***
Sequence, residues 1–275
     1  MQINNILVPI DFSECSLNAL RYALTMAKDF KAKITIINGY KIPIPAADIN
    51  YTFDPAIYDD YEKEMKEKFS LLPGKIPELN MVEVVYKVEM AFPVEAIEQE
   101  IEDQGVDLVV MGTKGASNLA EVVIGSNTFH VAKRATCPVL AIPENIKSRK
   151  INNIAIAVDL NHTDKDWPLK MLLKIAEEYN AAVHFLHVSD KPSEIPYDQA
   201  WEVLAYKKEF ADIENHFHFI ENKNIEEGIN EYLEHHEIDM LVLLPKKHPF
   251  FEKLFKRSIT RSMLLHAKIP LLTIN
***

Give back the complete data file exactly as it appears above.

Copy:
Sequence, residues 1–275
     1  MQINNILVPI DFSECSLNAL RYALTMAKDF KAKITIINGY KIPIPAADIN
    51  YTFDPAIYDD YEKEMKEKFS LLPGKIPELN MVEVVYKVEM AFPVEAIEQE
   101  IEDQGVDLVV MGTKGASNLA EVVIGSNTFH VAKRATCPVL AIPENIKSRK
   151  INNIAIAVDL NHTDKDWPLK MLLKIAEEYN AAVHFLHVSD KPSEIPYDQA
   201  WEVLAYKKEF ADIENHFHFI ENKNIEEGIN EYLEHHEIDM LVLLPKKHPF
   251  FEKLFKRSIT RSMLLHAKIP LLTIN